When age or a certain physical condition starts to require regular care and extra time that other family members can no longer provide due to work and/or other valid concerns, these members, with the consent of their aged or sick loved one, rather decide to seek out a nursing home, which can (and should) provide the quality care needed by the aged or physically disabled individual. Though a hard decision to make, families are often forced to house their loved ones in nursing homes because they are certain that in these institutions, quality care, through mindful physical and medical treatment, will be provided.

On its website, law firm Habush Habush & Rottier S.C. ® states that nursing homes should be places where the elderly can feel safe and provided with the full care that they need; however, the firm is also aware of the many physical abuses that often lead to serious injuries or even death committed in many nursing homes in the US.

Recent studies (conducted by staff from the Special Investigations Division of the House Government Reform Committee) show that between January 1999 and January 2001 about 9,000 instances of abuse in 5,283 nursing home facilities have been committed. The abuses (or lack of care) were actually acts resulting to dehydration, inadequate medical care, inadequate sanitation and hygiene, preventable accidents, untreated bedsores, malnutrition and so forth. The number of abuses specified, does not include minor incidents, though, such as a resident slapping a co-resident – a minor harmful act but which federal regulations require to be reported.

As of May 2014, the Centers for Disease Control and Prevention recorded 16,100 nursing home facilities in the US. These houses more than 1.5 million elders, physically or mentally incapacitated individuals and persons needing rehabilitative therapies due to an illness or an accident. Though some of the reported abuses were committed by the victims’ co-residents, majority were performed by nurses and/or staff, who may have very well been over-worked and tired, lacking in training, or unqualified. But no matter what the reason is, nursing home abuse is a crime for which the abuser may be found guilty criminally and civilly.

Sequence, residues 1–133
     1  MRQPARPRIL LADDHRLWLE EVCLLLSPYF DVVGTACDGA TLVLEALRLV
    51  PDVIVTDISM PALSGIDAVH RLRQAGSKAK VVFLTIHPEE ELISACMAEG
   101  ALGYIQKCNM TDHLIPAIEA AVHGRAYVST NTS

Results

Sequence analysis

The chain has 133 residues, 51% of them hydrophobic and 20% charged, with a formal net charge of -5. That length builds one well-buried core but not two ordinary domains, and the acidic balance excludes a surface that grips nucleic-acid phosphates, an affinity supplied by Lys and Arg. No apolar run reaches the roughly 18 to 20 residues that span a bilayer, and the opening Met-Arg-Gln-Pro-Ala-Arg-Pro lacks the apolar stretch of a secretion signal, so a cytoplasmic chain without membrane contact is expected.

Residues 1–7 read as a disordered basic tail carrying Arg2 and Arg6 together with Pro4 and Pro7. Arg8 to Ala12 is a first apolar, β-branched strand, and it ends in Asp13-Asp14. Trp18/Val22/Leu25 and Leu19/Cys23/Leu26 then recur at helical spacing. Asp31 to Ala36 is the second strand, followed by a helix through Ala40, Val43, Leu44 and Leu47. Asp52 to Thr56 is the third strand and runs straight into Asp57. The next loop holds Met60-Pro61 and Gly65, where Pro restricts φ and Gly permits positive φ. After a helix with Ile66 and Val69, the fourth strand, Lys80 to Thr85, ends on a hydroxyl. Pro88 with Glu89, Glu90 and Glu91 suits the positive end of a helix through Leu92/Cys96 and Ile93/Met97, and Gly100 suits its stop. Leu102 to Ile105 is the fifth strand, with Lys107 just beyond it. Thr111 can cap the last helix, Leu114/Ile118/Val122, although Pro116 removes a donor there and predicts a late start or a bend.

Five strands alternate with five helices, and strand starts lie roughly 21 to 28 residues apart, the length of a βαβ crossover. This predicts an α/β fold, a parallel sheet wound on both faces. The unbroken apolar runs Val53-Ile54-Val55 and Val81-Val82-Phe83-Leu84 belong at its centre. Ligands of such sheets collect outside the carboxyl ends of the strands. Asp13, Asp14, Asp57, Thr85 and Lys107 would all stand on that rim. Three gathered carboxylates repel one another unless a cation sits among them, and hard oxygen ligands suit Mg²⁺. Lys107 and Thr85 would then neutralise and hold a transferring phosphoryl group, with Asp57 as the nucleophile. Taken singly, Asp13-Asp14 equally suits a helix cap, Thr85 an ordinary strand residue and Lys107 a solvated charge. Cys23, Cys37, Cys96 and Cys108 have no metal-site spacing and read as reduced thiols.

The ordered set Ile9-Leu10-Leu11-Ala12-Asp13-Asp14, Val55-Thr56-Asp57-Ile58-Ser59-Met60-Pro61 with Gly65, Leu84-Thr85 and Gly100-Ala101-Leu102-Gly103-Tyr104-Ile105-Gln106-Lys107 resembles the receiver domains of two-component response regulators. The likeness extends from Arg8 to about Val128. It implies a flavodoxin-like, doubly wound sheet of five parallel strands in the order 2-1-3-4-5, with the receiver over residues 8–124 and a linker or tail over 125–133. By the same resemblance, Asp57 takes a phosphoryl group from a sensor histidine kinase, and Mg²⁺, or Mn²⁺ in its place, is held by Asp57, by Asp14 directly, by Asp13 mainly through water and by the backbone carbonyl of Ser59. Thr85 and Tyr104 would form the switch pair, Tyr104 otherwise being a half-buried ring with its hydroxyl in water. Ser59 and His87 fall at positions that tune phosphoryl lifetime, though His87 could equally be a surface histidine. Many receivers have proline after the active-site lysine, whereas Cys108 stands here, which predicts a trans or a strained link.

Adding to the past reported cases of abuses against nursing home residents (these cases include financial, emotional, verbal, physical and sexual abuses), a new growing concern of the federal government is the oversedation or overmedication of patients with antipsychotic drugs (approved by the FDA for people suffering from bipolar disorders or schizophrenia). These drugs are being given regularly to patients suffering only from Alzheimer’s or other forms of dementia. To medical experts, and especially to the FDA, this “chemical restraint” resorted to by some staff and nurses to retrain residents from the effects of dementia attacks can lead to severe injuries or deadly results; despite this, the FDA says that this type of treatment remains to be given to about 300,000 nursing home residents.

Some individuals sustain injuries due to their own carelessness or mistakes; others, however, are due to someone else’s reckless or negligent behavior. Injuries of this type are called personal injuries and, according to the website of the Habush Habush & Rottier S.C.®, people who suffer these are allowed by the law to seek legal action against the liable party for compensation.